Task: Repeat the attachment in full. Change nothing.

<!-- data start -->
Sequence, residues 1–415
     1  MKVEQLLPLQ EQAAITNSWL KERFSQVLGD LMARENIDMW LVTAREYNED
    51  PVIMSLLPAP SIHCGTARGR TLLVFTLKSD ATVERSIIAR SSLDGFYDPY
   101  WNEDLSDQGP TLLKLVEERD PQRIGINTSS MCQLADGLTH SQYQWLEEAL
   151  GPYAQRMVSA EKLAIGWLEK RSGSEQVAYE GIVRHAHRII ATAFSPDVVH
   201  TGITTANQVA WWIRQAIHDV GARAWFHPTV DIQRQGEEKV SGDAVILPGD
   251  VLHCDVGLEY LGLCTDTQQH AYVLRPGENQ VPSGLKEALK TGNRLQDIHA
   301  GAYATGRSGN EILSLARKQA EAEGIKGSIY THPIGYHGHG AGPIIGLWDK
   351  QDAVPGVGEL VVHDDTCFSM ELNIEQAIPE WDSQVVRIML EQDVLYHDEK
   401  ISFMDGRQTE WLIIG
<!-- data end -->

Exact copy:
Sequence, residues 1–415
     1  MKVEQLLPLQ EQAAITNSWL KERFSQVLGD LMARENIDMW LVTAREYNED
    51  PVIMSLLPAP SIHCGTARGR TLLVFTLKSD ATVERSIIAR SSLDGFYDPY
   101  WNEDLSDQGP TLLKLVEERD PQRIGINTSS MCQLADGLTH SQYQWLEEAL
   151  GPYAQRMVSA EKLAIGWLEK RSGSEQVAYE GIVRHAHRII ATAFSPDVVH
   201  TGITTANQVA WWIRQAIHDV GARAWFHPTV DIQRQGEEKV SGDAVILPGD
   251  VLHCDVGLEY LGLCTDTQQH AYVLRPGENQ VPSGLKEALK TGNRLQDIHA
   301  GAYATGRSGN EILSLARKQA EAEGIKGSIY THPIGYHGHG AGPIIGLWDK
   351  QDAVPGVGEL VVHDDTCFSM ELNIEQAIPE WDSQVVRIML EQDVLYHDEK
   401  ISFMDGRQTE WLIIG